Australian governments currently spend relatively little on health. Are cutbacks really what's needed?
The assertion that health spending is unsustainable has been made with remarkable regularity, most recently by the Federal Minister for Health, Peter Dutton.1 Despite publication of a major review by the National Health and Hospitals Reform Commission2 less than 5 years ago, the Minister has called for a far-reaching debate about the health system.3 Consistent with the rhetoric, the recent federal Budget has introduced copayments and foreshadowed cutbacks that are expected to reduce federal health spending by $8.6 billion over the 4-year forward estimates.4
The evidence usually cited to demonstrate the unsustainability of health spending is its impact on government finances. Between the 2001–02 and 2011–12 financial years, health expenditures by all levels of government rose from 19.8% to 25.6% of total tax revenues,5 and projections by the National Commission of Audit prior to the recent Budget suggested that federal spending alone could rise from $65 billion in 2013–14 to over $120 billion in 2023–24.6 These trends are commonly linked to the ageing of the population to conclude that significant structural reforms are needed to reduce spending on health services, and the recent budget measures may be seen as a first step in this direction.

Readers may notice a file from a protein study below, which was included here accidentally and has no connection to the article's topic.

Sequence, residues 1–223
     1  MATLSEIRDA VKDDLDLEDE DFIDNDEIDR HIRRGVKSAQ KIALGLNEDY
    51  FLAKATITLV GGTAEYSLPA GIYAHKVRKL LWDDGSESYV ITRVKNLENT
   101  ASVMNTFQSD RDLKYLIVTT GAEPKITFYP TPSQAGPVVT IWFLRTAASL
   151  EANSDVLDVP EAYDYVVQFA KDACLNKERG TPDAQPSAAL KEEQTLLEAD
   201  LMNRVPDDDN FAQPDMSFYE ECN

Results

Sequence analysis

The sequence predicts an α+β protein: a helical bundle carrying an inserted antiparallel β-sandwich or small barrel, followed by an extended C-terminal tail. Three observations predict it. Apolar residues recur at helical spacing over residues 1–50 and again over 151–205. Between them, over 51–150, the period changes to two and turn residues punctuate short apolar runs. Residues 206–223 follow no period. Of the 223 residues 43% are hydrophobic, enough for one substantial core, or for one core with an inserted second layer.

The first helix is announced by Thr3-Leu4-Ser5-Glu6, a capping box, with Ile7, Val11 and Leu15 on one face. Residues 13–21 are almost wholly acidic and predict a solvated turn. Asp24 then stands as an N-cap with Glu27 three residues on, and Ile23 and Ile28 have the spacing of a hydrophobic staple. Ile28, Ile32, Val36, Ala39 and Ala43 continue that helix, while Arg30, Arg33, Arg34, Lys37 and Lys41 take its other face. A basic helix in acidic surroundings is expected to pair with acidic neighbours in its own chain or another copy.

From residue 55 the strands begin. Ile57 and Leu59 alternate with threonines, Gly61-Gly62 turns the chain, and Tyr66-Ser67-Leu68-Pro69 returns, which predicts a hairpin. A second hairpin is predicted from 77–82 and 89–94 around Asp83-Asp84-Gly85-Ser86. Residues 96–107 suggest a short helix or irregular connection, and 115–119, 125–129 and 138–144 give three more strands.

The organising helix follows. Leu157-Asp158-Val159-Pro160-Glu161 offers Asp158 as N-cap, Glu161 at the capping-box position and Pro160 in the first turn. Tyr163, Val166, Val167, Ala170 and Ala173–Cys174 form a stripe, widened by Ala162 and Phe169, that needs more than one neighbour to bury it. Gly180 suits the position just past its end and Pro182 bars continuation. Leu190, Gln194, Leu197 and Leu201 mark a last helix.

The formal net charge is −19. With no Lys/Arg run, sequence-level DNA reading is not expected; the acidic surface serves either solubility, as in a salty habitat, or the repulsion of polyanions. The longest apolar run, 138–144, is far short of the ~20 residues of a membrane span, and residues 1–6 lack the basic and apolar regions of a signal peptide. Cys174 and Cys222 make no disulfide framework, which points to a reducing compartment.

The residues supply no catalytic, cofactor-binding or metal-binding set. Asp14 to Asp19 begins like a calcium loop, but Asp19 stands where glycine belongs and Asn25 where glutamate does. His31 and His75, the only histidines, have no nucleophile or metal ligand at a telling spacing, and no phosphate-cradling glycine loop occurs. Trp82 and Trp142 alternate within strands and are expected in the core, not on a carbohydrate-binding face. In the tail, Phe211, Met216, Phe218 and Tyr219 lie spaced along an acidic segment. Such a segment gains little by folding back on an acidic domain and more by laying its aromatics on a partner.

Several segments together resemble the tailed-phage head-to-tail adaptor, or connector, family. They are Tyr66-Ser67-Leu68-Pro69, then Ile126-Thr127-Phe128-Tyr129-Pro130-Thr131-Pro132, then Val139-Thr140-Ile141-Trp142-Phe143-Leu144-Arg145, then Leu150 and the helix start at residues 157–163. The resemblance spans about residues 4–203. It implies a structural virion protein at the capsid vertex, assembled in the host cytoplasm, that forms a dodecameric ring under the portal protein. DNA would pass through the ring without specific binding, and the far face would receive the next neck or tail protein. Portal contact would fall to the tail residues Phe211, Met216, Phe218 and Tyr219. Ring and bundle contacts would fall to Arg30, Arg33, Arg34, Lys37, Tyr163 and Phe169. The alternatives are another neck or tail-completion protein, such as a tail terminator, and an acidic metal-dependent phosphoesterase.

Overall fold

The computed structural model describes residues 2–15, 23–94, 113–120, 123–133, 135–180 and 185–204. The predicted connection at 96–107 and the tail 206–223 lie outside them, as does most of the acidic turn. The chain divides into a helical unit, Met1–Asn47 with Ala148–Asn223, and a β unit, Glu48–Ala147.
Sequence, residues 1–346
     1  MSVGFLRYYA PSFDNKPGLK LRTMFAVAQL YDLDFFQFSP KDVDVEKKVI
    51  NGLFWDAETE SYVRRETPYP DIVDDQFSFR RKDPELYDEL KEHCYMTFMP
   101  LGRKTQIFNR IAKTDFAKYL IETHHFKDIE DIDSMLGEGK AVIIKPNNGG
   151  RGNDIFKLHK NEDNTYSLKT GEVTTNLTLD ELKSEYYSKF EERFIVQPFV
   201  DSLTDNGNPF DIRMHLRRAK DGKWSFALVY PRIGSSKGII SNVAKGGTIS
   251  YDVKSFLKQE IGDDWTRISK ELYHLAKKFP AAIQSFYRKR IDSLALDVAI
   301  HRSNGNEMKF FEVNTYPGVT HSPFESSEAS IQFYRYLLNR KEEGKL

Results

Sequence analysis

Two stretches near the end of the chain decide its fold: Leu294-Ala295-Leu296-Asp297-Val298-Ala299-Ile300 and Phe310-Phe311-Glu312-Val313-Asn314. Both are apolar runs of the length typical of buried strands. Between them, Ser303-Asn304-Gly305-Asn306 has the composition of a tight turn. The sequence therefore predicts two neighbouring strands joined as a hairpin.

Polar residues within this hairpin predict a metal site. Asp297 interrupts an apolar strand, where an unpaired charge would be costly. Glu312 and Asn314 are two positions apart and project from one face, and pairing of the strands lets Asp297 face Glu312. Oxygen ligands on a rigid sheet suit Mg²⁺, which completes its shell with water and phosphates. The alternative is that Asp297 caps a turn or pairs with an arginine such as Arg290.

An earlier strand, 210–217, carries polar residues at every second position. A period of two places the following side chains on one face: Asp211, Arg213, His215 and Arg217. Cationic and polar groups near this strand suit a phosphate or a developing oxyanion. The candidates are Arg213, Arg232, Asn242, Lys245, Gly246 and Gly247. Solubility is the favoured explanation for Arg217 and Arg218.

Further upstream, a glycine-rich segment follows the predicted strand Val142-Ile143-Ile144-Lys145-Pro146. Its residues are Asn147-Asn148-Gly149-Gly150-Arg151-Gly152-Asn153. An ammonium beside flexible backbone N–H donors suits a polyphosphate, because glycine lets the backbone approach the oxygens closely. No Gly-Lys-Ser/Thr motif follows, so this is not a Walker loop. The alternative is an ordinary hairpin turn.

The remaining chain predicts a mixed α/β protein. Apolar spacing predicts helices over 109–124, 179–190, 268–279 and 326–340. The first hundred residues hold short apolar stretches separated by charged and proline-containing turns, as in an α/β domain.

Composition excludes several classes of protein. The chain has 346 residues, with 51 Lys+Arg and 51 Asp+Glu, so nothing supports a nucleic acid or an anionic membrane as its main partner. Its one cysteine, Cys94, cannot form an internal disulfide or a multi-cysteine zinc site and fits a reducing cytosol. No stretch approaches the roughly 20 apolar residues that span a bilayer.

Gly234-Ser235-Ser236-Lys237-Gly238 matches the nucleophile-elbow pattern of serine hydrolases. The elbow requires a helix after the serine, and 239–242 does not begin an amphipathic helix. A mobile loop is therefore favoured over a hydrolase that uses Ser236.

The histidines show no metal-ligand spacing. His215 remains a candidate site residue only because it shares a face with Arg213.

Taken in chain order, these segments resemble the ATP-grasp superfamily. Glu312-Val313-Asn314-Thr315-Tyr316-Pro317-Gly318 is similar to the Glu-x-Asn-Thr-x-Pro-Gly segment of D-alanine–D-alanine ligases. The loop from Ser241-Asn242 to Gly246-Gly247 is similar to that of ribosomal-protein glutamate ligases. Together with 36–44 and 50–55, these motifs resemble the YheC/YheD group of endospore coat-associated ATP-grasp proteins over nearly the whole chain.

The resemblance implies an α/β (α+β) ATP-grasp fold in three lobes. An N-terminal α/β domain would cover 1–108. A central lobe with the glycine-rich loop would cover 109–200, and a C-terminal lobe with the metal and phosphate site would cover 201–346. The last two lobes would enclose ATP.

Despite these projections, the unsustainability thesis is remarkably weak. Economies are flexible and the composition of spending varies significantly over time and between countries. At the time of federation, agriculture, manufacturing and the services sector accounted for 19%, 12% and 31% of gross domestic product (GDP), respectively. By 2011–12, the shares were 2%, 6% and 56%, respectively.7 Technological change reallocates resources, and the expansion of industries is usually seen as desirable because it employs the displaced workforce and generates additional benefits. The anomalous concern with the costs and not the benefits of an expanding health sector implies comparative lack of concern or confidence in the benefits despite evidence that better health is one of the diminishingly few ways in which we can improve the quality of life of the population.
The flexibility of economic systems is also apparent when countries are compared. Australia currently devotes 9.5% of GDP to health, while the proportion in the United States has reached 17.7% (Box). The efficiency of the US health system may be questioned, but there is no suggestion that it has impaired the economy or sapped the vitality of the country.
The US case is interesting for another reason. Despite having the largest health expenditures in the world, when compared with the wealthy countries of the Organisation for Economic Co-operation and Development (OECD) the proportion of the population above the age of 65 years in the US is the smallest. In contrast, the country with the oldest population – Japan – spends little more than the OECD average on health. This illustrates a common error: the belief that health spending is tightly linked to the demographic structure and that ageing necessarily drives health expenditures. Historically, this has not been true, as health expenditures have been driven by technology and the increasingly generous provision of health services as GDP rises.12